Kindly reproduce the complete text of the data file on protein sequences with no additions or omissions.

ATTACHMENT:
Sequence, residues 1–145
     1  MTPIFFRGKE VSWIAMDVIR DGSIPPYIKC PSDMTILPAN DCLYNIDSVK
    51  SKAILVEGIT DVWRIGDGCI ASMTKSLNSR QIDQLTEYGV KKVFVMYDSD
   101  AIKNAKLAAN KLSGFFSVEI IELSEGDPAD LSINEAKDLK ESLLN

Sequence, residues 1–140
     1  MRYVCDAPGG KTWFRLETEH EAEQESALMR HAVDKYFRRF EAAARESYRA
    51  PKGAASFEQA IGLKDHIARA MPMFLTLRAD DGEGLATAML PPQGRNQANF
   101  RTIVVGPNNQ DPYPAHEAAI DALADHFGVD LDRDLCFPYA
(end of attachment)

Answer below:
Sequence, residues 1–145
     1  MTPIFFRGKE VSWIAMDVIR DGSIPPYIKC PSDMTILPAN DCLYNIDSVK
    51  SKAILVEGIT DVWRIGDGCI ASMTKSLNSR QIDQLTEYGV KKVFVMYDSD
   101  AIKNAKLAAN KLSGFFSVEI IELSEGDPAD LSINEAKDLK ESLLN

Sequence, residues 1–140
     1  MRYVCDAPGG KTWFRLETEH EAEQESALMR HAVDKYFRRF EAAARESYRA
    51  PKGAASFEQA IGLKDHIARA MPMFLTLRAD DGEGLATAML PPQGRNQANF
   101  RTIVVGPNNQ DPYPAHEAAI DALADHFGVD LDRDLCFPYA